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Recursive Descent PEG Parsers Using C++ Templates


Grammar Rules

In YARD, each grammar rule is represented by a type (I use structs, to avoid having to write public everywhere in my grammar) that implements a static Match member function template. The Match function is provided implicitly by having the struct inherit either from the primitive rule types or from instantiations of the templates representing the rule operators (such as Seq, Or, and Star). The Match function template has the following signature:


template<typename ParserState_T>
static bool Match(ParserState_T& p);

The Match function template accepts a state management object and returns True or False depending on whether the input matches the corresponding rule. Match is required to restore the state parameter to its original state if it fails to find a match. Restoring the state is done automatically by the basic rule combinators.

Parsing and Parser State Management

Parsing an input stream with YARD is done by passing a parser state management object, simply called the parser from here on out, to the start rule of the grammar. The start rule is the rule that describes a well-formed document or snippet in your language.

The parser is responsible for managing the iterator to the input as well as the Abstract Syntax Tree (AST). Listing Two shows the required interface of a parser; YARD grammars are parameterized (specifically the Match template function) so that different kinds of parsers can be used with the same grammar.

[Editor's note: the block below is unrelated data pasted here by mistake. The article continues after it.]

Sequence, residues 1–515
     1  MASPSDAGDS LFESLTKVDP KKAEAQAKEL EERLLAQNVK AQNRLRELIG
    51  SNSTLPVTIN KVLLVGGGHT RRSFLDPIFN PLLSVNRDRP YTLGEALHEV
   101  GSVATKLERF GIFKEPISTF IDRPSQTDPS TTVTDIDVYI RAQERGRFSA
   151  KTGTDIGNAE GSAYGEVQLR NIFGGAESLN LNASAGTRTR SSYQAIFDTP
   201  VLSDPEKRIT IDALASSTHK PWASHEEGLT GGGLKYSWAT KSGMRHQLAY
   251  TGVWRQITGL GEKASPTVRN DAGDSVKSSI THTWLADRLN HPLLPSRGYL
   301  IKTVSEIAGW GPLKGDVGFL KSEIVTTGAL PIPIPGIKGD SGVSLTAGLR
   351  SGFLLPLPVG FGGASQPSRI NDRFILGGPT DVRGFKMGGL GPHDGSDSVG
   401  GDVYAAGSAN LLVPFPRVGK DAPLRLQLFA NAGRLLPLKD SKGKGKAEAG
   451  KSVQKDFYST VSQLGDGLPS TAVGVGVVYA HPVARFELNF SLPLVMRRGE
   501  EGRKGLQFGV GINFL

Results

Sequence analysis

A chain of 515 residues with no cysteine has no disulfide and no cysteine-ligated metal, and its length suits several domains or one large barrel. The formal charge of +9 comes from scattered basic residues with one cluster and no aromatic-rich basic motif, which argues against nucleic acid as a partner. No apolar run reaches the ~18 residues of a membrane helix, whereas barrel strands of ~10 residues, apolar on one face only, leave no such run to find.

class ParserState
{
public:
 // Parse function
 template<typename StartRule_T>
 bool Parse();
 // constructor
 Parser(iterator first, iterator last)
 // public typedefs
 typedef iterator; // an iterator over input
 typedef value_type; // type of input tokens
 typedef node_type; // type of nodes in abstract syntax tree
 // functions for manipulating and accessing the input iterator
 value_type GetElem();
 void GotoNext();
 iterator GetPos();
 void SetPos(iterator pos);
 bool AtEnd();
 iterator Begin();
 iterator End();
 // functions for constructing the abstract syntax tree
 void StartNode(int type);
 void CompleteNode(int type);
 void AbandonNode(int type);
};
Listing Two

The file yard_parser.hpp includes a simple parser that parses ASCII text and generates a simple AST. This can be used as is, if your parsing needs are not particularly demanding, but you will probably want to write your own parser object and possibly your own AST class if you want to squeeze more performance out of the allocation/deallocation scheme.

Rule Combinators